Many times I hear people say that those who commit suicide are ‘weak’ and ‘selfish.’ I have never thought they were. I see no good coming from condemning someone who was sad enough to take their own life. If we do it to discourage others, well it’s not really working, and whilst I would never advocating encouraging anyone to commit suicide or over-justifying those who do, I see no good in criticizing them after the fact. They made a decision, they chose to do it, who are we to say they are weak?

At the same time, we all hope someone will find the ‘strength’ or conviction to keep living. Nobody really approves of suicide except in extreme cases such as euthanasia for those who are suffering and in agonizing pain. Even then, in America, this is a very divided subject with those against, believing no murder is justified including the taking of ones own life, whilst others, often those who have seen it personally, can attest, some terminally ill people have the right to end their suffering.

So if we look at suicide of ‘healthy’ individuals, where do we place the depressed and the mentally ill on that scale? In some Scandinavian countries there have been people who have petitioned the Government to be euthanized based upon mental-illness. This has sparked outrage among those who believe this is tantamount to murder, and in no way qualifies as a terminal illness. Technically mental illness is rarely terminal although many ways, mental illness accompanies terminal diseases and exacerbates their symptomatology.

But even without being terminal, can mental illness ever be ‘bad’ enough to warrant or justify the taking of ones own life? And if we open that flood gate, how do we close it again?

I don’t claim to know the answer, I’m not sure anyone knows the answer yet but the side of suicide we don’t consider as often, isn’t just prevention or reason(s) behind suicide, but the aftermath.

Another friend of mine lost her mother to suicide. If I had to say, without hesitation I would say she became a more responsible, compassionate person as a result. But that doesn’t negate the extreme pain she still feels with the loss of her mom. Given a choice, every day she would wish for her mom’s return over any compassion she may have. The positives cannot outweigh the negative reality of losing someone you love.

If her mom had been deathly ill maybe she would have held a different view, I have never asked her, but either way, it is hard to imagine being ‘okay’ with someone’s suicide. That said, when Brittany Maynard committed suicide (euthanasia) in Oregon a while back I was profoundly moved by her videos and writing on the subject prior to her choice to end her life. Still very young and with a beautiful family, Brittany was terminally ill and knew in a matter of months she would be in excruciating pain and there was no cure and only awful suffering.

Many people condemned her for ‘taking the easy way out’ or ‘going against the will of God’ but I recall admiring her so much for her resolve and strength. I simply could not imagine making that choice, let alone going through with it. Her family moved to another State where Euthanasia is legal in order to be eligible and she made her plight and story public in an effort to educate people on the right to die. I believe in the right to die in part because of her efforts to show it is not the same as suicide.

With depression and other mental illnesses that are not responsive to treatment, it is not hard to imagine why people can be pushed to the brink and wish to end their lives. Should we consider euthanasia for severe cases of mental illness? Currently I don’t think we should but I recognize I may change my mind as more information becomes available. When I stop and think about living with say, Schizophrenia and other illnesses your entire life, in misery, without respite, and medications not working, I can definitely see why someone may wish to end their life. So why do I hesitate in condoning suicide or euthanasia in those cases?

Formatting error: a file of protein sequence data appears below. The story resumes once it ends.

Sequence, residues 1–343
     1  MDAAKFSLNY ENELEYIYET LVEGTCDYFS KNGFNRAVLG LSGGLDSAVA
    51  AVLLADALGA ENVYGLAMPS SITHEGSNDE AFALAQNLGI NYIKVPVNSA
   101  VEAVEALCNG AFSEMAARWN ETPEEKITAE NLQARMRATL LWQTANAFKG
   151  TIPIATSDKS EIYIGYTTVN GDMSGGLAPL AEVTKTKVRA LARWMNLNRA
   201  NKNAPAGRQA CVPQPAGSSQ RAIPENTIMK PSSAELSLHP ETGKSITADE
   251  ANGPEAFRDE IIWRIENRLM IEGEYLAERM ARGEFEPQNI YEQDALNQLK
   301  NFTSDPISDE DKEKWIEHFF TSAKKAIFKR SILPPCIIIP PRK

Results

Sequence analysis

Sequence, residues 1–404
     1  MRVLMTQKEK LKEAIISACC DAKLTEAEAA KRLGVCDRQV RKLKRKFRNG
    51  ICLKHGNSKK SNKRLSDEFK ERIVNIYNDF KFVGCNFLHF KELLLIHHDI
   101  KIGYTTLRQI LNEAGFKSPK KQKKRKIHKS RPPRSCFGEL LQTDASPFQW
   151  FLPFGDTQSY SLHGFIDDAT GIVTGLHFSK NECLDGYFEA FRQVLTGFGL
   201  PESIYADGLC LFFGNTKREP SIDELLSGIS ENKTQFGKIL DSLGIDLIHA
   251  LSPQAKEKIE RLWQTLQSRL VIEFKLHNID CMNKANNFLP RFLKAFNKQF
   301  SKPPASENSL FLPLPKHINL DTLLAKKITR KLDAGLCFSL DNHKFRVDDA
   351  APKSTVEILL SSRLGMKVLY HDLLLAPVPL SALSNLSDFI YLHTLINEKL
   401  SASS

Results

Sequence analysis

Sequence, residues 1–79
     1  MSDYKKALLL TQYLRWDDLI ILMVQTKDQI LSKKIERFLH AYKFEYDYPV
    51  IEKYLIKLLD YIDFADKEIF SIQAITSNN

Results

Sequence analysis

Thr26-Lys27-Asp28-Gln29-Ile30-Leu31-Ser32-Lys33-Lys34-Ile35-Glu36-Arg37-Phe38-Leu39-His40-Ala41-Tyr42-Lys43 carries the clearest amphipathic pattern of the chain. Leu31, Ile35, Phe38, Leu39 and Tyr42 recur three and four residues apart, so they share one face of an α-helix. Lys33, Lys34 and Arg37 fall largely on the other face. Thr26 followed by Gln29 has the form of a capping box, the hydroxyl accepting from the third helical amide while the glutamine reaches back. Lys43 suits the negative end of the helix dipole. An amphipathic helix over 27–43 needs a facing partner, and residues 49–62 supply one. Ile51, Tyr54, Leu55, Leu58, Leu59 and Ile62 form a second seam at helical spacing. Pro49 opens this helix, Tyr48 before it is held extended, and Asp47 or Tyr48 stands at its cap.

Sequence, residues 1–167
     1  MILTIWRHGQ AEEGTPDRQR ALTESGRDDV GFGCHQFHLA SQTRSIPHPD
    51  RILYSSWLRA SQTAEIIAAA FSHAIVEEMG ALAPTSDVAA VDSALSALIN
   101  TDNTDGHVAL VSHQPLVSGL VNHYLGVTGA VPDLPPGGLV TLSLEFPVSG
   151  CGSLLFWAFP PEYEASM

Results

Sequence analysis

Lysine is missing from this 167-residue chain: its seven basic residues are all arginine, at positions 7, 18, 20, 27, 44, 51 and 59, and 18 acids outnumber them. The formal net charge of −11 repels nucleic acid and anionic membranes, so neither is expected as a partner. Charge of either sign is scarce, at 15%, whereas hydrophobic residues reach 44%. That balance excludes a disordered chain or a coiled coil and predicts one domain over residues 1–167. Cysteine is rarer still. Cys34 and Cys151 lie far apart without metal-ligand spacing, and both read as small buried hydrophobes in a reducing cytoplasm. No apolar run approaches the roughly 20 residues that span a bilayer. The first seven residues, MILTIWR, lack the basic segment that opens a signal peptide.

Maybe because whilst we see mental illness as a disease, it’s not terminal and until something is actually ‘definitely’ going to take your life, we have this belief that there is hope, and we should not end our life based on feeling badly. Is this dismissive? I would say in some instances, yes, because there are chronic pain conditions that may include mental disease, that it could be argued, are as devastating to someone as a terminal illness. Perhaps we should give everyone the ‘right’ to choose if they live or die, and I would agree with this except for a worry that sometimes in certain mind-sets we don’t have the right objectivity to ‘choose’ without bias.

Mental illness is one of those biases. When you are mentally ill you can really see the world through a different lens. If you have not ever experienced that, believe me when I say, one day you can feel hopeful, the next it’s like the color was sucked out of the world and the pain you feel inside is unbearable and often without any cause. When that goes on for a prolonged period of time each day can be agonizing. It is definitely understandable that when people feel this way they may contemplate suicide.

The argument against this is – people typically commit suicide or attempt suicide when they are panicking or have calmly given up (the two extremes) they either panic that they will never feel differently and ‘stop the pain! stop it now! stop it any way you can!’ or they feel reconciled to their fate, they do not believe it will ever change, and so they give themselves permission to let go.

Perhaps that is why the very young and the very old are the two groups most likely to take their own lives.

As mentioned earlier, there are many who no matter how bad it got, would never commit suicide. That isn’t necessarily anything to do with personal fortitude or strength, it may be a genetic proclivity, or several factors, but they often perceive those who take their lives as inexplicable. They cannot and will not understand, and they feel understanding is condoning. I would argue, understanding is NOT condoning it’s understanding. We need more understanding.